Put Digital First
What is your digital and social persona? Best practice is to develop a digital and social marketing strategy that informs, entertains and creates trust, but go one stage further and inject humour and personality. A friend of mine in the estate agency business recently created a character that makes fun of what life is like as a real estate agent. He’s quickly built up 10,000 followers and regularly gets 3,000+ views on his social updates and weekly blogs. Many followers link back to his website, which has created partnership opportunities plus incremental advertising revenues from recruitment companies.
Track Your Prospects
We all leave signatures and footprints in the digital world, thanks to cookies and other ‘magical’ techniques that watch where we visit, how many times we view content or when we use an app. This not only allows you to track the content you push to prospects and customers, and judge how positive they are towards you, but it also allows you to proposition them again with another ad on a totally unrelated web site. This is ’remarketing’, and it explains the mystery of why – when visiting your fashion site – an ad all about the latest firewall or data analytics tool appears…
Data is Gold (or coal if, like me, you come from Wales)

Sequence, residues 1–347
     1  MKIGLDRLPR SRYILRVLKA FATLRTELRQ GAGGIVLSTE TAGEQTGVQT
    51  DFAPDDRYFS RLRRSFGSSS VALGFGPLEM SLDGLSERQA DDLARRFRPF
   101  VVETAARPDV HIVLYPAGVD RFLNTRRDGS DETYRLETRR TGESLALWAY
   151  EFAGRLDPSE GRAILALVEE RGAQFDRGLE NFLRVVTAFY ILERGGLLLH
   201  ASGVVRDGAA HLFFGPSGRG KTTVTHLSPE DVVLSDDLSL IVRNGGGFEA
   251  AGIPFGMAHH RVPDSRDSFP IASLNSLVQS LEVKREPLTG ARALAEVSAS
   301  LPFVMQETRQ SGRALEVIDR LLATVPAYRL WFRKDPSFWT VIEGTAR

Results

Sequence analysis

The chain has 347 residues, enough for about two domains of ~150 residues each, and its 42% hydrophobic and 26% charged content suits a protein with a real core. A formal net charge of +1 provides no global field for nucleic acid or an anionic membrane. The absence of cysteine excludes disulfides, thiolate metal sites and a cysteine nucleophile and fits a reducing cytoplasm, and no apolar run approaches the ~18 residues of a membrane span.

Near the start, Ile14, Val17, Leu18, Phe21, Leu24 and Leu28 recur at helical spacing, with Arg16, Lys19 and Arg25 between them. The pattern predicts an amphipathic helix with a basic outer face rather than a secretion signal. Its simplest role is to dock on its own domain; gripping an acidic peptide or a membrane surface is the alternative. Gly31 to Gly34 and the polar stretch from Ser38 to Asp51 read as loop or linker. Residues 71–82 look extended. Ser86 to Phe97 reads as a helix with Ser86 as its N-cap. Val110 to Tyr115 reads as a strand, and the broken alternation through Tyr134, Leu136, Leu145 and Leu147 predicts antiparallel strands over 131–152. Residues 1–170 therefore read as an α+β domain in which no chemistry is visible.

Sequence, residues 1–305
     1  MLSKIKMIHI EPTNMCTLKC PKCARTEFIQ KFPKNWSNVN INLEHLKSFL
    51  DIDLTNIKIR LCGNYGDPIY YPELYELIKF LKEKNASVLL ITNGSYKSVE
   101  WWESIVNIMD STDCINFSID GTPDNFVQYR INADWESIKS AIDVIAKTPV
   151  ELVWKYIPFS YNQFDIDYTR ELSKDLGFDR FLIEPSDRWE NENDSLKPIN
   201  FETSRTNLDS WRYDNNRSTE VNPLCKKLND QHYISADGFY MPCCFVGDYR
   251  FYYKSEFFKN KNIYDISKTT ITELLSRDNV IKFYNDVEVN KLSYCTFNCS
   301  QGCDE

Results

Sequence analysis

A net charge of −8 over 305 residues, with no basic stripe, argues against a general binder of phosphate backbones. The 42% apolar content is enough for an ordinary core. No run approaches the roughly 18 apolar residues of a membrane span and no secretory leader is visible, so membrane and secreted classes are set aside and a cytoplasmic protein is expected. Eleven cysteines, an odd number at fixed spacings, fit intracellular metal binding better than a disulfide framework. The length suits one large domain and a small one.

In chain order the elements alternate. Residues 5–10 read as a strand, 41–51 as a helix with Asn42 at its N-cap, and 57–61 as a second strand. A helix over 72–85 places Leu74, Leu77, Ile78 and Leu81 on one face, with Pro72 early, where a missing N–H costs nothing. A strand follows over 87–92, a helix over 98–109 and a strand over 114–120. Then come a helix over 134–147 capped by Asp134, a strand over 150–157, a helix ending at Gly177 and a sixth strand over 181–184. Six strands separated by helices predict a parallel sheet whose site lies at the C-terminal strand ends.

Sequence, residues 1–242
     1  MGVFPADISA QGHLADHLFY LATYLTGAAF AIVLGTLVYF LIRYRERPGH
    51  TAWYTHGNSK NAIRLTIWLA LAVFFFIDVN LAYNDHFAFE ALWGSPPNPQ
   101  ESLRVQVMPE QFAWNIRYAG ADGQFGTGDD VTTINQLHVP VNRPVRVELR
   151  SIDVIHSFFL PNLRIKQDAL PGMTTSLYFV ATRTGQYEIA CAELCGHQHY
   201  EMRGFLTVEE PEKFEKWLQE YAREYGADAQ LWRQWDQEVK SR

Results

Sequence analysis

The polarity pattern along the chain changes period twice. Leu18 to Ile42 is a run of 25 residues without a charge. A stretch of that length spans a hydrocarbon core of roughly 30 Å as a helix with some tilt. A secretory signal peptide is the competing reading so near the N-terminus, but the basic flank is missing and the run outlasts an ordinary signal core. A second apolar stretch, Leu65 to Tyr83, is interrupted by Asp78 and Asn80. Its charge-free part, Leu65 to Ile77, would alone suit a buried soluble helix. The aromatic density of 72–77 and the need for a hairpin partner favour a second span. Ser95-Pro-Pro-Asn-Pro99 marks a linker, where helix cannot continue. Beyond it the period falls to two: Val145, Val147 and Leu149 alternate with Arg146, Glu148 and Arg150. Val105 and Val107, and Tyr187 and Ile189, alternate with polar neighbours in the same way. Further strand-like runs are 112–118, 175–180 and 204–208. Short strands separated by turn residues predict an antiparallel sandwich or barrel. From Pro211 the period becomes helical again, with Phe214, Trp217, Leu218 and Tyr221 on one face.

Your data is very powerful and can provide incredible insights into your customers’ buying patterns, behaviours and trends. These insights aren’t always as obvious or easy to recognise as an Amazon-like “people who bought a DDoS service also purchased an IPS” tip. However, look closely and it could easily tell you the optimum time to approach customers for renewals, and what sectors are more prone to adopt new releases or take calls for attaching additional features or services. I can’t believe I’m saying this, but data really is exciting. And if you’re not using the most obvious data you have to hand, then I guarantee you are missing out on a golden opportunity.
Automate, Automate, Automate
Delivering a more personalised call to action or message at the optimum time – leveraging many of the tactics and techniques above – means more work for marketing and demand generation people. Or does it? New cloud-driven marketing tools are here that automate and accelerate the sales cycle process. It used to be that marketing represented around 25% of the sales lead gen process and 75% was taken up with the selling cycle, but this is now the other way around. If you are doing just some of the above in a mildly successful way, you will undoubtedly be getting access to higher value prospect leads that are more advanced along the sales cycle. The beauty of marketing being 75% of the sales cycle process and selling just 25%, is that sales can be focused on hotter leads that have been properly nurtured. And, by the way, make sure you integrate your Marketing Automation stuff with your CRM. This is what helps you automate the ROI figures, which in turn justifies your next marketing request.
What matters is what works. This is all about moving with the times so, if old sales and marketing approaches mean you’re showing up too late to make a difference, you need to stop living in the past, today!